Redheads and Other Excitements

Aythya americanaA pair of Redheads (Aythya americana) in Green-Wood. The male, in front, sports that beacon of a head. These two, along with two slightly smaller female Ring-necked Ducks (Aythya collaris), very craftily kept their distance from me as I circled the blob-shaped Valley Water twice, as I aimed for the best distance and light.Aythya americana, Aythya collarisHere’s the male again with one of the Ring-neckeds. Redheads are rare in our waters, and rarer still in our local freshwaters. Both they and the Ring-neckeds are divers, but they will rest in small ponds during migration. I was interested to discover that many female Redheads lay their eggs in the nests of other Redheads, ten other species of ducks, and even herons and Northern Harriers (!). Aythya collars, Aythya americanaRing, Red, Red, Ring.

While observing these ducks, I happened to glance away, and then looked up as I heard a splash. Two American Black Ducks landed (watered?), one with a Red-tailed hawk hot on its tail. Not exactly a duck hawk, one of the old names for Peregrines, the Red-tail missed as the duck took shelter underwater.Anas rubripesIt came back up noisily.Buteo jamaicensisThe hawk perched briefly nearby before flying off to try its luck elsewhere. As big as Mallards, our largest wild ducks, the Black Duck would have made a substantial kill for the raptor.


Falco columbariusIn the last week, I’ve seen 9 raptors, nearly half of them while I was walking down various streets of Brooklyn and Manhattan. My best day was Sunday, when I saw five birds of four different species in Green-Wood. This Merlin (Falco columbarius) was the highlight. Merlins are falcons, just slightly larger than Kestrels. I was a little surprised to see this one — male, as the wings are slate blue/grey — since I usually see them during migration periods. But even then not always. They don’t seem to have taken to cities as well as Kestrels, but are beginning to make inroads. Kestrels are cavity-nesters, and they find decaying 19th century cornices a fair substitute for old tree holes. Merlins re-purpose other hawk and corvid nests for their own, assuming those birds don’t return.

There are three subspecies of Merlin in North America (our is the Taiga), six in Eurasia. The name comes not from the Arthurian necromancer (who stems from this Welsh chap Myrddin), but the French name for the bird, esmerillon. The birds are also known as Pigeon Hawks, something reflected in their binomial, as columbarius means pigeon-like; they are about the same size as pigeons and are supposed to look like pigeons when flying. These birds, more specifically their European co-specifics, were known as Lady Hawks during the Medieval period, when falconry was the rage, for they were flown by women.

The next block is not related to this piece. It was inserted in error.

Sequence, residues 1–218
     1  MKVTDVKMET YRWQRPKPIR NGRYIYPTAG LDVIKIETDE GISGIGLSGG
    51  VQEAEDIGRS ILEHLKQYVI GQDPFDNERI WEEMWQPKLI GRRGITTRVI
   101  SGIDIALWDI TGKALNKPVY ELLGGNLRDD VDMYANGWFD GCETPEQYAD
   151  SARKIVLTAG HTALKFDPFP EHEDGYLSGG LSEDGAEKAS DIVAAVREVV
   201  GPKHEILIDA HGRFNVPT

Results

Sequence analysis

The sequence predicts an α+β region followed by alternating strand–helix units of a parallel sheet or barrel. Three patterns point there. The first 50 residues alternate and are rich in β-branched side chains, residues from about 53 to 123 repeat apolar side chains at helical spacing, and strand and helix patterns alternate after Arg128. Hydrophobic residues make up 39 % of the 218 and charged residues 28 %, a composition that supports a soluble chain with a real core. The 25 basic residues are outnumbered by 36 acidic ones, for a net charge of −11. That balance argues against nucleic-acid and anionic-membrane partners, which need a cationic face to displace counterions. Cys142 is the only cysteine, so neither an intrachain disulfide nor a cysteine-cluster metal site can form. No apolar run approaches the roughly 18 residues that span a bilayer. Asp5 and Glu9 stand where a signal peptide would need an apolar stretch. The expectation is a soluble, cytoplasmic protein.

These falcons characteristically perch on lookouts for long time periods, waiting for likely birds (House Sparrow, Waxwing, etc.; a pigeon is too big) to pass by. They attack from the horizontal or below, not above like their big cousins the Peregrines. This one gave us very good looks from the top of its tree and was still there when we left.

Red-Headed, Nearly

Melanerpes erythrocephalusMelanerpes erythrocephalusAn uncommon visitor to Brooklyn, this Red-headed Woodpecker (Melanerpes erythrocephalus) has been hanging out in Green-Wood Cemetery this winter. This is a juvenile bird, on its way to getting the bright red head of an adult. The adult bird looks like a flag: red, black, & white. Melanerpes erythrocephalus

Downy, Honeylocust

Picoides pubescensThe sound was like typist behind a closed door, in an office with thick carpets. It was subtle. In the clamor of the city, we must strive to hear the subtle sounds, and Green-Wood, wind-swept atop the moraine, is a fine place for the subtleties. This Downy Woodpecker (Picoides pubescens) was pecking away at Honeylocust (Gleditsia triacanthos) pods still hanging on the tree, looking for invertebrates that had burrowed into the pods. The seeds inside the pods reverberated to the tapping, making that pleasing, nostalgic sound.

The red patch on the nape tells us this is a male. Our smallest woodpecker, the Downy is the woodpecker species I see most outside of our greenswards, in the ‘hood itself.

Primary Colors



Oxyura jamaicensisA female Ruddy Duck (Oxyura jamaicensis). Preening here, and rather successfully keeping her usually upright tail, a helpful field mark for this small duck, submerged.Oxyura jamaicensis